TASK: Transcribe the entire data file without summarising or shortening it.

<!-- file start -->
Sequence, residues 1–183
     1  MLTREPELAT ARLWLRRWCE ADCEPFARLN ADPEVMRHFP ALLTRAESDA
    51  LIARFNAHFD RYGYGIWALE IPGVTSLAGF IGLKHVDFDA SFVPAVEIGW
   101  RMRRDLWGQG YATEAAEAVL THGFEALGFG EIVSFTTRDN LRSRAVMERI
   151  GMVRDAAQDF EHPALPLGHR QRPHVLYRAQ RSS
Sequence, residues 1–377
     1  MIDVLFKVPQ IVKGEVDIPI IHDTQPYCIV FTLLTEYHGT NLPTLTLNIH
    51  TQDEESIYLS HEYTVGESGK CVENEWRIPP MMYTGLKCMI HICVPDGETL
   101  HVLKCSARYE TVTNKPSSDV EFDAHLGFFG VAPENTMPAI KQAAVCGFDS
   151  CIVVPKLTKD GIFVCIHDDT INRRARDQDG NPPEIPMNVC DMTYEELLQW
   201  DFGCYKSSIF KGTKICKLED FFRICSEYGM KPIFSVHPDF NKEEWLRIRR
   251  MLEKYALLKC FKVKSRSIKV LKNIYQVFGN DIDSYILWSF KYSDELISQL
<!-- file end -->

Sequence, residues 1–183
     1  MLTREPELAT ARLWLRRWCE ADCEPFARLN ADPEVMRHFP ALLTRAESDA
    51  LIARFNAHFD RYGYGIWALE IPGVTSLAGF IGLKHVDFDA SFVPAVEIGW
   101  RMRRDLWGQG YATEAAEAVL THGFEALGFG EIVSFTTRDN LRSRAVMERI
   151  GMVRDAAQDF EHPALPLGHR QRPHVLYRAQ RSS
Sequence, residues 1–377
     1  MIDVLFKVPQ IVKGEVDIPI IHDTQPYCIV FTLLTEYHGT NLPTLTLNIH
    51  TQDEESIYLS HEYTVGESGK CVENEWRIPP MMYTGLKCMI HICVPDGETL
   101  HVLKCSARYE TVTNKPSSDV EFDAHLGFFG VAPENTMPAI KQAAVCGFDS
   151  CIVVPKLTKD GIFVCIHDDT INRRARDQDG NPPEIPMNVC DMTYEELLQW
   201  DFGCYKSSIF KGTKICKLED FFRICSEYGM KPIFSVHPDF NKEEWLRIRR
   251  MLEKYALLKC FKVKSRSIKV LKNIYQVFGN DIDSYILWSF KYSDELISQL